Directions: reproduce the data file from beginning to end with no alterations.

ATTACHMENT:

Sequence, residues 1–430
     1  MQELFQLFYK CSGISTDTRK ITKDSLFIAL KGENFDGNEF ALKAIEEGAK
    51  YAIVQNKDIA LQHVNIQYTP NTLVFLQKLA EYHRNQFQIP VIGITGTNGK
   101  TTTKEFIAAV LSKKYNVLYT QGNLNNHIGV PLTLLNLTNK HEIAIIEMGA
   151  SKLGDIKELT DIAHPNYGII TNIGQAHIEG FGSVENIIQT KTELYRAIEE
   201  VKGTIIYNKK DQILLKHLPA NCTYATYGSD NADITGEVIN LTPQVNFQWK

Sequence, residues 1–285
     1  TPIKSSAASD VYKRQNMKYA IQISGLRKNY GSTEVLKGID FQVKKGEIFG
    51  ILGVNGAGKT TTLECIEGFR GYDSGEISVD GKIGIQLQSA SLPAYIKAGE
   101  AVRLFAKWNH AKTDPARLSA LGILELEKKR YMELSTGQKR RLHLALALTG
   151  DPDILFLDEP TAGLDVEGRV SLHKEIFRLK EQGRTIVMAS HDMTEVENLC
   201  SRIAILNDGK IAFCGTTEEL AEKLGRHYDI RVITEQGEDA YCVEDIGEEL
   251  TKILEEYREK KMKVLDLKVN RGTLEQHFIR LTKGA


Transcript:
Sequence, residues 1–430
     1  MQELFQLFYK CSGISTDTRK ITKDSLFIAL KGENFDGNEF ALKAIEEGAK
    51  YAIVQNKDIA LQHVNIQYTP NTLVFLQKLA EYHRNQFQIP VIGITGTNGK
   101  TTTKEFIAAV LSKKYNVLYT QGNLNNHIGV PLTLLNLTNK HEIAIIEMGA
   151  SKLGDIKELT DIAHPNYGII TNIGQAHIEG FGSVENIIQT KTELYRAIEE
   201  VKGTIIYNKK DQILLKHLPA NCTYATYGSD NADITGEVIN LTPQVNFQWK

Sequence, residues 1–285
     1  TPIKSSAASD VYKRQNMKYA IQISGLRKNY GSTEVLKGID FQVKKGEIFG
    51  ILGVNGAGKT TTLECIEGFR GYDSGEISVD GKIGIQLQSA SLPAYIKAGE
   101  AVRLFAKWNH AKTDPARLSA LGILELEKKR YMELSTGQKR RLHLALALTG
   151  DPDILFLDEP TAGLDVEGRV SLHKEIFRLK EQGRTIVMAS HDMTEVENLC
   201  SRIAILNDGK IAFCGTTEEL AEKLGRHYDI RVITEQGEDA YCVEDIGEEL
   251  TKILEEYREK KMKVLDLKVN RGTLEQHFIR LTKGA